|The Blanding's Turtle may be happy to be getting the attention, but the truth is, research that Standing Rush|
will get to participate in will add knowledge about the status of many of Ohio's turtle varieties
(photo credit: www.blandingsturtle.org)
Not sure who's more excited: me, my eldest son, or the turtles? Let me back up . . . I've had several correspondences (by email and by phone) this week with a long-time friend by the name of Greg Lipps. Greg and I met about 20 years ago now because of a shared passion in the preservation of northwest Ohio's very own Oak Openings region -- not just a really cool Metropark, but a truly globally distinct ecosystem.
|My eldest son, a turtle lover, |
an Eastern Box Turtle
We've been talking periodically ever since about opportunities to collaborate, and we now seem to have found our chance. Greg is not just a bundle of enthusiasm, he is also highly adept at building a team and executing on a vision. To that end, he has helped assemble not just the talent (via The Toledo Zoo, Ohio State, Indiana Purdue University Ft. Wayne, Ohio Division of Wildlife, and the Michigan Department of Natural Resources), but the funding (through a multi-state competitive State Wildlife Grant from the U.S. Fish and Wildlife Service), and a network of landowners (private and public) willing to provide access to some of the most pristine and suitable habitats to conduct his important research. Standing Rush is flattered to be among those being asked to participate as a monitoring site.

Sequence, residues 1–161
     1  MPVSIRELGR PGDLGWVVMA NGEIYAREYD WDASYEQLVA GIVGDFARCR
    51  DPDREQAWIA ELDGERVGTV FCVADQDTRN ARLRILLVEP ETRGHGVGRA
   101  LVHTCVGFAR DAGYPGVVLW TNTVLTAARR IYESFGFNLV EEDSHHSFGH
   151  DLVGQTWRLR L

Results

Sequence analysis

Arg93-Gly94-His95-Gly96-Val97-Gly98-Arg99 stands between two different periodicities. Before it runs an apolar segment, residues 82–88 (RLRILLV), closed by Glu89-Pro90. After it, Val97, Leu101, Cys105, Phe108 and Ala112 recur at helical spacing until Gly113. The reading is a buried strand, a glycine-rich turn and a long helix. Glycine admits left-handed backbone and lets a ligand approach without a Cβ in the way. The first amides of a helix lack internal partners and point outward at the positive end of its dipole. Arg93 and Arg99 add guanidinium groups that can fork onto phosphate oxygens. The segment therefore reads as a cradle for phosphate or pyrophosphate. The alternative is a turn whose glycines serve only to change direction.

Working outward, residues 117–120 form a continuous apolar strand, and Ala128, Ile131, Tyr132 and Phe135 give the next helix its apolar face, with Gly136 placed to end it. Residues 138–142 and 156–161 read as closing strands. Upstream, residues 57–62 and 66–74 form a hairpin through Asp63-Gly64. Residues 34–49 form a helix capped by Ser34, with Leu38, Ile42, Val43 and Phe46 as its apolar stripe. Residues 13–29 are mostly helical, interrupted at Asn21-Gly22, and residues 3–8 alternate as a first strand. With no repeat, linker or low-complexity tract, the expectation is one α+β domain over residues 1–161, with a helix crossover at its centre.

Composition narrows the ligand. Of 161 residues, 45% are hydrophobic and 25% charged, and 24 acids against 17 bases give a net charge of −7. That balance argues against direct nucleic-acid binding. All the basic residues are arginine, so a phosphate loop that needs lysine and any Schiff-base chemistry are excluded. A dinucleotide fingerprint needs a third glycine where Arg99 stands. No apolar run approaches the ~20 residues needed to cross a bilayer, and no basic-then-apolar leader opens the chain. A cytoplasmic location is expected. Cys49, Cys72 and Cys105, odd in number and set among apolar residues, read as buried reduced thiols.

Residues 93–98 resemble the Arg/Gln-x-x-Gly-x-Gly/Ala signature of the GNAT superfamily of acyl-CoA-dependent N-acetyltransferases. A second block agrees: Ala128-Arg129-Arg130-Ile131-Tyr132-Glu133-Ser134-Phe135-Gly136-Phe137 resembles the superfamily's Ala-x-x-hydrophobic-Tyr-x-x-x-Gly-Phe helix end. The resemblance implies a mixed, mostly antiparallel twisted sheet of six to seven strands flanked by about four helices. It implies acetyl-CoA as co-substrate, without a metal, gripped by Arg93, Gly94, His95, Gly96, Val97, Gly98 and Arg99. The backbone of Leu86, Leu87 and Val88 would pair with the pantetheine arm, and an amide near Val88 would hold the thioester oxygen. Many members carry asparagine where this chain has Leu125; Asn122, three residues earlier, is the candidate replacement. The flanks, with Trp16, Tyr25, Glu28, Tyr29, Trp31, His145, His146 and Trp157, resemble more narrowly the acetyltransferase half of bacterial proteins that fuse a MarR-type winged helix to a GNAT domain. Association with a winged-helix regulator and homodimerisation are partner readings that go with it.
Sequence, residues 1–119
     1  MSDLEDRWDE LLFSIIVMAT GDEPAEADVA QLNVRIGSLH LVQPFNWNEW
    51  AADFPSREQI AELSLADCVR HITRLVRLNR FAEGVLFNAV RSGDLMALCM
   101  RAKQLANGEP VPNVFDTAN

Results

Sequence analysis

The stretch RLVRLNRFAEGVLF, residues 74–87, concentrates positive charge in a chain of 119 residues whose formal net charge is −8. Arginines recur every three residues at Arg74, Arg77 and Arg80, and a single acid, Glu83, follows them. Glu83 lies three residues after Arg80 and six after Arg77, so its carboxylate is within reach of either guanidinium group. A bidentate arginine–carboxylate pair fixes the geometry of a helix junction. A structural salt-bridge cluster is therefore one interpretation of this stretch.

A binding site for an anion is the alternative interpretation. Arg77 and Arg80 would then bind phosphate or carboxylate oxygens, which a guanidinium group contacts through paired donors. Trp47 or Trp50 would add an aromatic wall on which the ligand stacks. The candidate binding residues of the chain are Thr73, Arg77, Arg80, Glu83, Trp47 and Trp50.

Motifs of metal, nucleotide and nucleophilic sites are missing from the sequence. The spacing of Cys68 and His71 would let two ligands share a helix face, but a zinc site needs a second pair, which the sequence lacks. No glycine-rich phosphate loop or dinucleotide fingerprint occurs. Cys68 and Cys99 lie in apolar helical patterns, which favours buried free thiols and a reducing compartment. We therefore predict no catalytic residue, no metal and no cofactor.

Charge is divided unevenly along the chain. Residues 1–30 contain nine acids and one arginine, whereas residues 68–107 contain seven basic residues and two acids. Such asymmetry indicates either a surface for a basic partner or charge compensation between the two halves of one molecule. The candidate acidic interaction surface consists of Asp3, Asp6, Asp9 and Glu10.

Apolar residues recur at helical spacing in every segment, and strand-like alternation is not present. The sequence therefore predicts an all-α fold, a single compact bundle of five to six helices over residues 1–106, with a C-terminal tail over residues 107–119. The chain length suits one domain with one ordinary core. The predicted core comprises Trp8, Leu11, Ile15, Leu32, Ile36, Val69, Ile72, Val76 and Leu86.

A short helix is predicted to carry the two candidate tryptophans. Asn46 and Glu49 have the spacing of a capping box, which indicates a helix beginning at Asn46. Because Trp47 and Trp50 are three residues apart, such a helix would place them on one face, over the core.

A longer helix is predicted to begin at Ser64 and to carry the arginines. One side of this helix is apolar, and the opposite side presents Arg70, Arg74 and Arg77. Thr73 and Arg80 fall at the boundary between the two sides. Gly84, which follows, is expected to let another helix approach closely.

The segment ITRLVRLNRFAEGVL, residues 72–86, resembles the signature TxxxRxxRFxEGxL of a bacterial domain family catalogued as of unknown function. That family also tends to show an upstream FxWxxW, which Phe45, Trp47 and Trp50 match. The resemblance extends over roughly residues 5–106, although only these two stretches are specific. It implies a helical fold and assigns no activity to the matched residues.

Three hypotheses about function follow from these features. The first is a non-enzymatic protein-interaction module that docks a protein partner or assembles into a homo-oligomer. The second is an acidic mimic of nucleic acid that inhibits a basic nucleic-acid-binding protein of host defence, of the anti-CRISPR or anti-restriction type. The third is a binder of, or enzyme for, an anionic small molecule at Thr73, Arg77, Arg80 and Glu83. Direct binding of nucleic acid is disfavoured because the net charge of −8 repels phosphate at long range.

As the research summary flier below can best communicate, the target species in this research is the Blanding's Turtle, a "semi-aquatic" herp that is commonly identified by its broadly arching, high-domed shell, yellow throat and chin, and "permagrin" . . . as I like to call it. This almost cartoonish character takes center stage because (a) targeted historical research on its ecology has been spotty, at best, and (2) because there is growing consensus that its populations are precarious and at risk of further decline -- possibly to the point of extinction. One driving force in Greg's research is to help provide regional data that can be interpreted in the context of somewhat similar work that has been conducted in New England. The outcome being to determine what protections, if any, might be best recommended for the species.
Monitoring, including both passive spotting and very intensive catch-and-release trapping and tagging, will take place over two discrete, one-week periods -- likely in May and June. Considering my son received two turtle traps for Christmas, something tells me he'll be there with mud boots ready and clipboard in hand!
|Click to enlarge|